I am not sure about the new fangled scones I like mine full of fruit or at a real push cheddar cheese.
    Good old Earl of Sandwich and his call for sustanance at the gambling table, he has a lot to answer for…. His favourite might if been beef, horseradish and tomato?

    Liked by 1 person

  3. You would have thought they’d have knocked down all those old places by now and built some luxury apartments!

    Liked by 1 person

  4. Thanks for the tour, Geoff. It’s such a charming place. The age of the pub amazes me. The photos are great. I enjoyed seeing the long boat. Hugs.

    Liked by 1 person

  5. T says:

    Lovely tour!
    ps sandwiches don’t need to be bad for the waistline!

    Liked by 1 person

  6. Lovely tour. Thanks for taking us along.

    Liked by 1 person

  7. tootlepedal says:

    A lovely part of the country.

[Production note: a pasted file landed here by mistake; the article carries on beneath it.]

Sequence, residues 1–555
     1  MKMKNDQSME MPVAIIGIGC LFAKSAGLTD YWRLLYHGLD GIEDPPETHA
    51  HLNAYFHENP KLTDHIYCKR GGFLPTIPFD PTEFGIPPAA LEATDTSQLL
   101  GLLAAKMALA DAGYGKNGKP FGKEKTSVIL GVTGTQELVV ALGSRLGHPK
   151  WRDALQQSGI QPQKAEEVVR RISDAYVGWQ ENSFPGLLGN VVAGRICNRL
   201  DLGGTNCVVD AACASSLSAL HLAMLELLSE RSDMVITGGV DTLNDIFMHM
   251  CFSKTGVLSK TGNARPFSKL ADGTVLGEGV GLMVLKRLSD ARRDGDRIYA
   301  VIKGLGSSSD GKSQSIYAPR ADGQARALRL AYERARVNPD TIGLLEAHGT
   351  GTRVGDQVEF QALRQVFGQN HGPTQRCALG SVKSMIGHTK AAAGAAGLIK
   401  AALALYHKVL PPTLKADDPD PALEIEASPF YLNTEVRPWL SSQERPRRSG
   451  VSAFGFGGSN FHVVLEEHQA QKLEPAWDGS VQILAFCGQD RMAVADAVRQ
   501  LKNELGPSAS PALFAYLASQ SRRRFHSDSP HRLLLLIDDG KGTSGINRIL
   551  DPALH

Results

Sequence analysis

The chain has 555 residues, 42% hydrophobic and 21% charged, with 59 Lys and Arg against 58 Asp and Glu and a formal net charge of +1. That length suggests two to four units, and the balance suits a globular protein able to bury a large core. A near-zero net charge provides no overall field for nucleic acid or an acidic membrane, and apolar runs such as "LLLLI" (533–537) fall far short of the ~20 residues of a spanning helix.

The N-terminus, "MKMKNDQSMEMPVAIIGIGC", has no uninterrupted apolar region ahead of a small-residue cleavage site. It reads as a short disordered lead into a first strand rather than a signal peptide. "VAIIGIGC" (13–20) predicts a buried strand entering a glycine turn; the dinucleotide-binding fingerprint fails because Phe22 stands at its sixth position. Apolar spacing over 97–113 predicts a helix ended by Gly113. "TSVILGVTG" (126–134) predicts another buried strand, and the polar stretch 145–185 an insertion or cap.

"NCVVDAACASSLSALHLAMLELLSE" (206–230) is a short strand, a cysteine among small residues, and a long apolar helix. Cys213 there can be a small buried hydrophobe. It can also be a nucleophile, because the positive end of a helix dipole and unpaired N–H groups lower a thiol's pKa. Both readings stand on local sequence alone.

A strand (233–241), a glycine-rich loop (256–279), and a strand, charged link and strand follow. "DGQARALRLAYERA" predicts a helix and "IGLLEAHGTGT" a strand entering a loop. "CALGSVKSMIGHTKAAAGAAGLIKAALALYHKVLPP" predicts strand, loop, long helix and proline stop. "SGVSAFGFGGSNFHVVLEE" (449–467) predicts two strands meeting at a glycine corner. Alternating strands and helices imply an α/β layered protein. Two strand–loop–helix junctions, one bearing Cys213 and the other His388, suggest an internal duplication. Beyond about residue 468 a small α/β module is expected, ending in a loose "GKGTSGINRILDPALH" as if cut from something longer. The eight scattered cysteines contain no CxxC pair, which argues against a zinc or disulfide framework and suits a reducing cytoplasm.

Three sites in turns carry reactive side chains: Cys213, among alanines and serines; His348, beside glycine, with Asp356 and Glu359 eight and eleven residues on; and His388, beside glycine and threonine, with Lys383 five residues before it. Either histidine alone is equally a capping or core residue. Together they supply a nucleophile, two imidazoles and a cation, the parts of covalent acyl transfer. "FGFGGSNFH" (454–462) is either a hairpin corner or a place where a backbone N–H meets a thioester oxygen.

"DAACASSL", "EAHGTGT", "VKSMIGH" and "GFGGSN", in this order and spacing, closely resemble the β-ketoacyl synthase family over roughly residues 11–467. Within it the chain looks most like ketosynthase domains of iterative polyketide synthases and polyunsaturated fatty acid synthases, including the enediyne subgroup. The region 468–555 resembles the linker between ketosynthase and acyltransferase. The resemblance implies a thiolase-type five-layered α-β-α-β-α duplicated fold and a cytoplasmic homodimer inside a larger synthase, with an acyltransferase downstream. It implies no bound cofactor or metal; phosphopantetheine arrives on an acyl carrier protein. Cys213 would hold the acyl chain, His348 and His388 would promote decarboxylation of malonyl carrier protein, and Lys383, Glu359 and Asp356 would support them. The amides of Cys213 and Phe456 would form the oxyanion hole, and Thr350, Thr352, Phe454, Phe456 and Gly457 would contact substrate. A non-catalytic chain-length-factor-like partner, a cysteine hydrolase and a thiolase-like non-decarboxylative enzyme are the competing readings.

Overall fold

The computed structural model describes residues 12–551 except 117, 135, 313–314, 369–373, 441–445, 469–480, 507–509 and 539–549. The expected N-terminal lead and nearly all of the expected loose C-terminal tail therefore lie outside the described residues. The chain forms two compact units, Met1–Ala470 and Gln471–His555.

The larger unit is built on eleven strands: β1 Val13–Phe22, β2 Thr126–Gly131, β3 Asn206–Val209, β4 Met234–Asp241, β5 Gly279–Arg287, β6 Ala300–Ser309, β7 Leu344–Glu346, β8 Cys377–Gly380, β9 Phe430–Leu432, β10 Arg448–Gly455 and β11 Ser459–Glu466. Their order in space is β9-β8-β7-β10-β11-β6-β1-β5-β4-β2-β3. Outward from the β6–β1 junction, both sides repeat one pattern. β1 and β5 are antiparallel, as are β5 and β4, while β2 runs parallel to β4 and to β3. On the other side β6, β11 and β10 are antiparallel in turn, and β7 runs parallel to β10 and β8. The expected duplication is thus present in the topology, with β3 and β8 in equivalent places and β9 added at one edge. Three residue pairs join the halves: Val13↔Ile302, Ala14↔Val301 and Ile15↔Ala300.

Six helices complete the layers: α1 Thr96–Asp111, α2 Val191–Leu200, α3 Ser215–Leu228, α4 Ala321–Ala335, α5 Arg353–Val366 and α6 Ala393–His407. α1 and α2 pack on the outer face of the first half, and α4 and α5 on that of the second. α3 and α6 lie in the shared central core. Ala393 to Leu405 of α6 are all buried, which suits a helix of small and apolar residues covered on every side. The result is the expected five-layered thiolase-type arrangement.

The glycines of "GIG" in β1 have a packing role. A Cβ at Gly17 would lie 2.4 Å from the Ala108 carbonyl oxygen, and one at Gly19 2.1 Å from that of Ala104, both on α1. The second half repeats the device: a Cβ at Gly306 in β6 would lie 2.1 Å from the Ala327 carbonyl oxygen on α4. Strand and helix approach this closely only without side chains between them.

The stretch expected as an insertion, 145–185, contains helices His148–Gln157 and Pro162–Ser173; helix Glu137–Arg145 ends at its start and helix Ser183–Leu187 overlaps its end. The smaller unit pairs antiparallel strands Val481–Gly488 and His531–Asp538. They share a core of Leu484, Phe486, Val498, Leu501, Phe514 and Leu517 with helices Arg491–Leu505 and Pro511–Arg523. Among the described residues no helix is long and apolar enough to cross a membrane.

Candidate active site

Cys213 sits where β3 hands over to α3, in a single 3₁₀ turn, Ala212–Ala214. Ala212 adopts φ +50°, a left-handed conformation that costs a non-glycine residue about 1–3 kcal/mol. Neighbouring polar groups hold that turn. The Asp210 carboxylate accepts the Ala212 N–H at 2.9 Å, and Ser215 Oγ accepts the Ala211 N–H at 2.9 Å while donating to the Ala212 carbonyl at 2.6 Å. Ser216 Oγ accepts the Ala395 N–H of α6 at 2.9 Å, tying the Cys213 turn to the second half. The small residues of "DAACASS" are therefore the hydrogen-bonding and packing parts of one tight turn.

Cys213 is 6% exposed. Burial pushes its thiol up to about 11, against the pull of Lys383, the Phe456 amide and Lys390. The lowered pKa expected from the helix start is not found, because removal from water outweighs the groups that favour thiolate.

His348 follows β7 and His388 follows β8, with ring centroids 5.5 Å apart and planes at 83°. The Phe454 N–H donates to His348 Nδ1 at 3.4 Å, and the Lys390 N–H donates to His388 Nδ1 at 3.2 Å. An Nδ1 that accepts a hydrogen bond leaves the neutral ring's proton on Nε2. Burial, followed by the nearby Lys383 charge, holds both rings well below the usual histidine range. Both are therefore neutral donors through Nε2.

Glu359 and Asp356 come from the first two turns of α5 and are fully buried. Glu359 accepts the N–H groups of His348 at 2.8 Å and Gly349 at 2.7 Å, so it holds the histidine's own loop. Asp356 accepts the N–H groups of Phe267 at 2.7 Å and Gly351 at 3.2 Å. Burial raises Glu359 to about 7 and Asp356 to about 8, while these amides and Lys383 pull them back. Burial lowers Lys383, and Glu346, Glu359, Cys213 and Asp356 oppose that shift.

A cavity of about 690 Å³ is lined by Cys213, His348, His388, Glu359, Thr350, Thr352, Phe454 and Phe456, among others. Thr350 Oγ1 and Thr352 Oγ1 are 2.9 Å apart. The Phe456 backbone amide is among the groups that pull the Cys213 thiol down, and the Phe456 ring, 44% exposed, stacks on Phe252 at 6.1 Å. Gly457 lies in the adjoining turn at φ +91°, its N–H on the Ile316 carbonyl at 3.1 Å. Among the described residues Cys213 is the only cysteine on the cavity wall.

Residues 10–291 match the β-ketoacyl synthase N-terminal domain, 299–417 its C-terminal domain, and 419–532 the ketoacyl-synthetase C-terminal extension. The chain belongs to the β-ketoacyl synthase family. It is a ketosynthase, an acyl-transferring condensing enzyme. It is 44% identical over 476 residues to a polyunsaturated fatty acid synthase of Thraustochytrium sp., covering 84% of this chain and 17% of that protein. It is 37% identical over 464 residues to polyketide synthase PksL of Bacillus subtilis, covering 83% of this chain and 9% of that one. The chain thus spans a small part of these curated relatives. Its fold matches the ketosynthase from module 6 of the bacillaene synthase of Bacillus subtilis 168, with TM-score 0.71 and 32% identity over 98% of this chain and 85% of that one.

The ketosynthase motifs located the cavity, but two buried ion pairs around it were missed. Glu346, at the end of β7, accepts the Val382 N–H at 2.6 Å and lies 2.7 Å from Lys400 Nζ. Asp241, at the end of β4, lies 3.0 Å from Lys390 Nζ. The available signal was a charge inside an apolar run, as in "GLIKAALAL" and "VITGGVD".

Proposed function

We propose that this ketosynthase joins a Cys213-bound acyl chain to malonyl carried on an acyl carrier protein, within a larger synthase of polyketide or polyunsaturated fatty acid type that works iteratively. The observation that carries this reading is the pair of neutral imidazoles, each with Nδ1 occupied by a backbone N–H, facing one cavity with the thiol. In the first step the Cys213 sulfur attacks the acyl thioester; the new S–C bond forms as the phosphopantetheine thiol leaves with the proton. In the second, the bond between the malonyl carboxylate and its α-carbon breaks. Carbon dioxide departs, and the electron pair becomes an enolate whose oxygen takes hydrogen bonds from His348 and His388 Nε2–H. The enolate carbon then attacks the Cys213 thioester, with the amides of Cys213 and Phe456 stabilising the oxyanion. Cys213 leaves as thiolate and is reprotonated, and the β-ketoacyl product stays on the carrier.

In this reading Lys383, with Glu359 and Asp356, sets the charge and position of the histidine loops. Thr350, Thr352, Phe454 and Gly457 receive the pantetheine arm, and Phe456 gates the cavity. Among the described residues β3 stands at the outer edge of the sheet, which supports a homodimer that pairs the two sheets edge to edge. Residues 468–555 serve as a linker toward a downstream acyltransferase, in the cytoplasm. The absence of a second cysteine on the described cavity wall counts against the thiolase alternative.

Liked by 1 person

  8. Chel Owens says:

    Your pictures draw me there; I wonder if I could make a quick jaunt whilst the littles nap?

    Liked by 1 person

  9. V.M.Sang says:

    We visited Sandwich a year or so ago, taking our grandchildren on our usual summer holiday excursion. (Sadly, they are now all growed up, so we’ve only one not working, and she has a weekend job!) I agree that it’s a lovely little town.
    We had a sandwich in Sandwich in a pub, but I forget what it is called.
    We have a bit of fun trying to eat things from where they are named in the places they are named after. We ate quiche Lorraine in Lorraine, sandwiches in Sandwich, Eccles cakes in Eccles, Black Forest ice cream in the Black Forest (we couldn’t find the gateau until we got back to France, in Metz) etc. You get the idea.


  10. Hi Geoff, this looks like an interesting town. Mind you, I’ve never visited an English town that wasn’t stuffed full of history. I am very pleased you enjoyed your savoury scone.